Boyle has only just started dipping into the world of fact-based entertainment. 127 Hours was his first feature based directly on someone’s actual life, and Steve Jobs was even more biopic-y (though far less biopic-y than most bad biopics; I like that movie a lot). Trust has the makings of a full-on epic about wealth, dynasties, cultural shifts in the ’70s, the capriciousness of youth, and so on.

Photo: Oliver Upton (FX)

After one episode, though, it’s difficult to say whether it’ll get there—both out of fairness and of what we see on screen.

There are certainly signs that the show “belongs” to Boyle from the outset of “The House Of Getty”; the image of J. Paul Getty III (Harris Dickinson) running frantically through tall grass is very Danny Boyle (most of his movies have some kind of frantic foot chase at some point, though usually in the final 30 minutes or so). From that image, the show backs up to a lavish party at the Getty estate, where the camera tracks around the grounds and eventually pushes under the door of a shed (very mid-period Fincher, there, Danny Boyle) to capture the sight of a Getty man impaling himself, very intentionally, as several women watch through the windows in horror.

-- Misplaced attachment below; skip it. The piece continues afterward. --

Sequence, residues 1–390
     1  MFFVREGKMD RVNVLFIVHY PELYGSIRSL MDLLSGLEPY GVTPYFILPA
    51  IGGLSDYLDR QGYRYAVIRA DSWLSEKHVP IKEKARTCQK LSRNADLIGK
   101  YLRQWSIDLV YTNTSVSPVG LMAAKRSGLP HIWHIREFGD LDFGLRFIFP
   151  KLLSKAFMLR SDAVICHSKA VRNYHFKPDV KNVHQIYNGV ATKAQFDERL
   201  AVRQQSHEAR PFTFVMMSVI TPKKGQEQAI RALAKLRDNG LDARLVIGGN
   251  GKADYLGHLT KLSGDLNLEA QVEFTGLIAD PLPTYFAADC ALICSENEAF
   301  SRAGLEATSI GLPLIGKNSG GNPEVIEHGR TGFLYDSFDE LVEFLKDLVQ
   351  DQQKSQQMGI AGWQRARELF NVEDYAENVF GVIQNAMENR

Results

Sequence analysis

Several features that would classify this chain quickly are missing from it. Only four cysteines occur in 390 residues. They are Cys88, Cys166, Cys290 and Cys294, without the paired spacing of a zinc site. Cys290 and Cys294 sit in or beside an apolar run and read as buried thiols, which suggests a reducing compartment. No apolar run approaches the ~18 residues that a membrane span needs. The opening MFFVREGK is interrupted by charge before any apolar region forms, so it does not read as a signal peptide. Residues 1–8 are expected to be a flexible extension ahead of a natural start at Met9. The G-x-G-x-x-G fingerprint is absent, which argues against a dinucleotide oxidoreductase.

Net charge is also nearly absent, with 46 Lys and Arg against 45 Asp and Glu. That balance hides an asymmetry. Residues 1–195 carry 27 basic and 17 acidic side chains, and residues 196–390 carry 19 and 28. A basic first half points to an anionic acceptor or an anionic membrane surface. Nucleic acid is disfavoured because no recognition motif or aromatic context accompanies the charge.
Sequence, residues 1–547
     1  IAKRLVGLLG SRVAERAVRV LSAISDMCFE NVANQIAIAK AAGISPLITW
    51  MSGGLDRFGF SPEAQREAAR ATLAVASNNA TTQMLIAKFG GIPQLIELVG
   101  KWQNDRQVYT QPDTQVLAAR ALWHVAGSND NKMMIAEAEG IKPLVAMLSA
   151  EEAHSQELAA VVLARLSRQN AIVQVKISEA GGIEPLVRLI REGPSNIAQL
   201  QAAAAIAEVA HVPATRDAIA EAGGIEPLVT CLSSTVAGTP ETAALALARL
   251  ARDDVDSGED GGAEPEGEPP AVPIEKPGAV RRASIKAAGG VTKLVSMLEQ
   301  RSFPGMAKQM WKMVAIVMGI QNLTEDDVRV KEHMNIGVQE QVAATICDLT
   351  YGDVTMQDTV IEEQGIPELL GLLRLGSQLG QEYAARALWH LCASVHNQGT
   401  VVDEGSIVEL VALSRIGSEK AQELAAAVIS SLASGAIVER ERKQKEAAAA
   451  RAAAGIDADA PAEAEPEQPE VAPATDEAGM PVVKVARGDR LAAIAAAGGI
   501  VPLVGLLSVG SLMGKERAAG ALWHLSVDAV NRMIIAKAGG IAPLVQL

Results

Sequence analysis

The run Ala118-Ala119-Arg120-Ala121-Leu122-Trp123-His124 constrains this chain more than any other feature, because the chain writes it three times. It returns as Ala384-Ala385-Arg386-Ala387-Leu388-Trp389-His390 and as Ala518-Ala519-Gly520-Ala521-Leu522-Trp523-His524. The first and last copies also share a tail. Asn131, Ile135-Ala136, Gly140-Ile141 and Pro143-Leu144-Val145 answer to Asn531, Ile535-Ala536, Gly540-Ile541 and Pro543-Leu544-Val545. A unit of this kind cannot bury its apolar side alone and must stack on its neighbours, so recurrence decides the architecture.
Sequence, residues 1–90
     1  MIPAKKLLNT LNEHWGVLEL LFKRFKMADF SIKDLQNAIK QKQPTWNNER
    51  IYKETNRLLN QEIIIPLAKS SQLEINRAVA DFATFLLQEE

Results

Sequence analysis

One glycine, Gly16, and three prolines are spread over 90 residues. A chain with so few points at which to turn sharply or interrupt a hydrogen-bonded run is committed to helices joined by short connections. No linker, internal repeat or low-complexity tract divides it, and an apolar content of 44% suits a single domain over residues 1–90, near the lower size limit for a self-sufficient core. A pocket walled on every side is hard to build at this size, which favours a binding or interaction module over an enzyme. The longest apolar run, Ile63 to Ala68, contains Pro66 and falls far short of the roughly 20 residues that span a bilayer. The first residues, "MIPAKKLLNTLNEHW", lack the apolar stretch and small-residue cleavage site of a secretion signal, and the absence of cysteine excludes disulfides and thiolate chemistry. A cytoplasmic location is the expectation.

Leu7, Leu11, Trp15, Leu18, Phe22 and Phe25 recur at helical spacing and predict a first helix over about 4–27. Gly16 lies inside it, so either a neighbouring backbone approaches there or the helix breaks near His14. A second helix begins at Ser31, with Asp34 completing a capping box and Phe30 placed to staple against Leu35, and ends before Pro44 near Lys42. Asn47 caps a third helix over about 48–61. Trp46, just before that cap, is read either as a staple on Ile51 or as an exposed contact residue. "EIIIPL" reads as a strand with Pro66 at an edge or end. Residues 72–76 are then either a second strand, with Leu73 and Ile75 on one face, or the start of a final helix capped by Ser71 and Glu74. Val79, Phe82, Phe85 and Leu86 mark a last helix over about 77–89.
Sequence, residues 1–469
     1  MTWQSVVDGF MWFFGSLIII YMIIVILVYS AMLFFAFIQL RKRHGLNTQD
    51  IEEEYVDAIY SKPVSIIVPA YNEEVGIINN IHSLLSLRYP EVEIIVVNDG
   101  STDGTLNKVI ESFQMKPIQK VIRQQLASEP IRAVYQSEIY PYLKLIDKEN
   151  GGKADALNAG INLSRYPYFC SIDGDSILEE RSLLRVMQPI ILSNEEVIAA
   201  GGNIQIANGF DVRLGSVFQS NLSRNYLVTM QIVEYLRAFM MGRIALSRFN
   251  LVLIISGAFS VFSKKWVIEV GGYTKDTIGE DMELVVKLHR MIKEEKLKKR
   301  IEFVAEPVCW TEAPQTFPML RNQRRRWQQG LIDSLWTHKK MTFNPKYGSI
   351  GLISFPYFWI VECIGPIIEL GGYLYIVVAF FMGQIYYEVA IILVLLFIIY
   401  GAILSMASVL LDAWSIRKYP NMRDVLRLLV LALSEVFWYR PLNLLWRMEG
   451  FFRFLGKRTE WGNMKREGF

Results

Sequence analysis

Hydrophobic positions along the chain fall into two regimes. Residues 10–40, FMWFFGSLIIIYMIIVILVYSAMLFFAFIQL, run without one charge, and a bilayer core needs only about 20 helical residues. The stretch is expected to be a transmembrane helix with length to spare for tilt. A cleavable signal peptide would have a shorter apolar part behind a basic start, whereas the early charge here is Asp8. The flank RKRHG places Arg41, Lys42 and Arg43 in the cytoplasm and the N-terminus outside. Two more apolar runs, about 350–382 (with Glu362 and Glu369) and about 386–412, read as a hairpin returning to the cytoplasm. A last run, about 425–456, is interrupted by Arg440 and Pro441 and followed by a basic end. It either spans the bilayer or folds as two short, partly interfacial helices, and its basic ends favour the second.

With this opening, and for a little while longer after that, Trust feels like it might supersize Boyle’s aesthetic for the longer running time: High style that’s more sustained than Boyle’s features sometimes have time for. He has plenty of impressive and/or ostentatious shots in his work, for example, but he’s not especially known for long unbroken takes like that one that first explores the Getty grounds.

This kind of stylistic verve can be hard to sustain for a TV show, though, even a lavishly budgeted one—and again, the Noah Hawley shows like Legion and Fargo are both sort of the exception and the rule here (their stylistic gambits are more sustained than most TV shows, but they don’t always add up to much). And indeed, by the end of its first episode, Trust is busier with plot than with style. It introduces frugal, unforgiving industrialist J. Paul Getty (Donald Sutherland), his harem of girlfriends led by Penelope (Anna Chancellor), some of the children he vocally considers disappointments, and the grandson who bears his name and comes stumbling back onto Getty’s English estate to attend the funeral of his uncle (from Getty’s very first marriage, well before the one that produced the grandson’s father). On top of that, the episode must introduce Getty’s bond with his grandson, only to have that bond broken in more disappointment when it becomes clear that the old bastard is going to make the kid scrape for some money he needs to get out of jam.